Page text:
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Man accused of lying about big group hike at Grand Canyon

FLAGSTAFF, Ariz. — A Washington state man is accused of defying federal regulations that limit the number of people who can hike rim-to-rim at Grand Canyon National Park.

Joseph Don Mount, of Chehalis, organized a trip in October with more than 150 people who hiked from the canyon’s North Rim to the more popular South Rim, according to a complaint filed this week in U.S. Magistrate Court in Flagstaff. He’s accused of a handful of misdemeanors that each carry as much as six months in jail and possible $5,000 fines.

A special use permit is required for groups of 12-30 people in normal years. Larger groups aren’t allowed, even if they split up. The park has further restricted group sizes during the pandemic.

The complaint also alleges that Mount wasn’t authorized to provide commercial services. Park officials combed through Mount’s social media postings and discovered he was planning a large group hike and had charged fees for it, the complaint states.

When park officials told him that wasn’t allowed, they say he denied planning the trip. Through a Facebook group, he recommended that people separate themselves in smaller groups and communicate through handheld radios while hiking.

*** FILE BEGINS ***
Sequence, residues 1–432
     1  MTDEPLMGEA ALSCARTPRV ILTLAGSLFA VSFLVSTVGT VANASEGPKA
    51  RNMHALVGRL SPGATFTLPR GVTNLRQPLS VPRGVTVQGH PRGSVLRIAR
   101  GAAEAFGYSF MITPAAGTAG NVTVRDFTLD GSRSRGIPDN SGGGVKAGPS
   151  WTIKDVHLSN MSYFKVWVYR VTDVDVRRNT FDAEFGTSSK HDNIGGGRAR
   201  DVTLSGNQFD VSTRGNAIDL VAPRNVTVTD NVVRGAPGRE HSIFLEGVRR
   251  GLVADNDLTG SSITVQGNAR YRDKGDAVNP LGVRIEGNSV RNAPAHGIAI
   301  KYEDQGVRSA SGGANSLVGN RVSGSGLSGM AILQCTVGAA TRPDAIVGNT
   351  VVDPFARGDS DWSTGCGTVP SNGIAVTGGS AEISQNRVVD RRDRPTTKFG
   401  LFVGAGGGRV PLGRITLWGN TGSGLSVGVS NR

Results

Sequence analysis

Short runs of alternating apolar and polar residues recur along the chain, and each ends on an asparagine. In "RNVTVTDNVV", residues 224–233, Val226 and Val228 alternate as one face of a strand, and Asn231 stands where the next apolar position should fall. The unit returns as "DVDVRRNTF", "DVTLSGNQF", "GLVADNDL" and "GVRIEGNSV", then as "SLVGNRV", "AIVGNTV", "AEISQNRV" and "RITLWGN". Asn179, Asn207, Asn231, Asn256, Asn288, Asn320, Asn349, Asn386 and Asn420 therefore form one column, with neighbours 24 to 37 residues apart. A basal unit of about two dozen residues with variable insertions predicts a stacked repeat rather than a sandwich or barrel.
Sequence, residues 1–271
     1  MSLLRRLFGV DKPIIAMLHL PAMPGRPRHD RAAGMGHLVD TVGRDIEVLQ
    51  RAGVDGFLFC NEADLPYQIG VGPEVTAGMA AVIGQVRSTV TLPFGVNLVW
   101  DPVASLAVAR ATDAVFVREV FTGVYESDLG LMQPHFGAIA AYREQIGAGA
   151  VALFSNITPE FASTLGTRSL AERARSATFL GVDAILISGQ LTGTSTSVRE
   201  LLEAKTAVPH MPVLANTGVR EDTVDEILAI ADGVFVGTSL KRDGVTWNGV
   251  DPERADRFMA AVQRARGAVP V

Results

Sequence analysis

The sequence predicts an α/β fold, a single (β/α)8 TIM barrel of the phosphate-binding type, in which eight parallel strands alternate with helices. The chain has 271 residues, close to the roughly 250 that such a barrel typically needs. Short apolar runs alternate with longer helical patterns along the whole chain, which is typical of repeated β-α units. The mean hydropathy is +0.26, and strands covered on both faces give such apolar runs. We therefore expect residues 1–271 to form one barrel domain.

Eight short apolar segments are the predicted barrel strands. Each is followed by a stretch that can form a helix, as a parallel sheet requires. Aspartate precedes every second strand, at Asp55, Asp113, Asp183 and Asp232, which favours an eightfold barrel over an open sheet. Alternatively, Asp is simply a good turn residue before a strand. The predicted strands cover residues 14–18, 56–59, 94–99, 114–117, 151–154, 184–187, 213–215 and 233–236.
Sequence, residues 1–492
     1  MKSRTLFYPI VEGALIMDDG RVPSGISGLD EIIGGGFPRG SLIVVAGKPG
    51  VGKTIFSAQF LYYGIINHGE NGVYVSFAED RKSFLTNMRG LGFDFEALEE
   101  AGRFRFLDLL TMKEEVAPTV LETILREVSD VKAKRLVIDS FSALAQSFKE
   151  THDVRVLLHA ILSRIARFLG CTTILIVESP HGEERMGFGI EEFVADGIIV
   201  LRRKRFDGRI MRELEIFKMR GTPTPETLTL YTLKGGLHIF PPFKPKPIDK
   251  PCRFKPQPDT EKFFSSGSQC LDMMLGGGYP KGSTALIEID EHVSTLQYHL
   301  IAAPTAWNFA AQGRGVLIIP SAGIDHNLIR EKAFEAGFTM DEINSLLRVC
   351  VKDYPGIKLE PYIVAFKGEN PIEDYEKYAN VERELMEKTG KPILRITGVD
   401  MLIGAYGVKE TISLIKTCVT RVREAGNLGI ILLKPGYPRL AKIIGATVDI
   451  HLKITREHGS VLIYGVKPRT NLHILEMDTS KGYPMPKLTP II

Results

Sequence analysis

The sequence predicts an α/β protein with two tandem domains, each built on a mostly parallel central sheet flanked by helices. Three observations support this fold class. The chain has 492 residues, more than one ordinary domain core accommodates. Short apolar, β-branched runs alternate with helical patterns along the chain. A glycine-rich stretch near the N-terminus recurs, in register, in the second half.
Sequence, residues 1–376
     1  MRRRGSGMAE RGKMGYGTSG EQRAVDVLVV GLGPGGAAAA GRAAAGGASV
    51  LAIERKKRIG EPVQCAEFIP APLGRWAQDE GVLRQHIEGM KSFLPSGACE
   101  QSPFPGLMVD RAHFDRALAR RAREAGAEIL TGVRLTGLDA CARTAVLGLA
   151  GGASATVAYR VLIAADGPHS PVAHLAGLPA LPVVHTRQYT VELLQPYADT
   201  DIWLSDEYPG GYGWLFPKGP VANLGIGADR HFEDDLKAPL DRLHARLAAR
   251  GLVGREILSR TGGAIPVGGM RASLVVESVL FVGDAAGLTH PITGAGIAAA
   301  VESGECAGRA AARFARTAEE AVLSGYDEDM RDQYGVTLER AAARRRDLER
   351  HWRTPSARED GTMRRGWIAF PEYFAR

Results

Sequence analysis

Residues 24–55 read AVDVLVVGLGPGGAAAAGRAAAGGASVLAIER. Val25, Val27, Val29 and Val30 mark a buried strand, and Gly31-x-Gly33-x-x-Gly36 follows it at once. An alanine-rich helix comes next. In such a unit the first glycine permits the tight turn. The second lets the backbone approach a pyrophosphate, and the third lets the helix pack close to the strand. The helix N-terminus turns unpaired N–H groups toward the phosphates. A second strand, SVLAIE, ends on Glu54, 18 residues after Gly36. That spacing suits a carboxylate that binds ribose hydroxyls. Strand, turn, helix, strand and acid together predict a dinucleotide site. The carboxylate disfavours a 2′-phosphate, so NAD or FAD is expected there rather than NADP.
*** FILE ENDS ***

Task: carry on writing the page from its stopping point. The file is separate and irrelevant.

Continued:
“Remember, there is nothing stopping you from hiking the Grand Canyon on this day,” Mount wrote online, according to an affidavit.

Mount did not return a call Thursday from The Associated Press. He’s scheduled for a court hearing later this month.

Some of the hikers told park officials they were in a group of 100 or more “from all over,” the complaint states. Most were evasive when asked about the planning efforts or the trip leader.

Others on the trails that day complained that the group wasn’t distancing or wearing face coverings to prevent the spread of the coronavirus, and that they clogged the path, delaying itineraries.

The Daily Beast first reported on the case.

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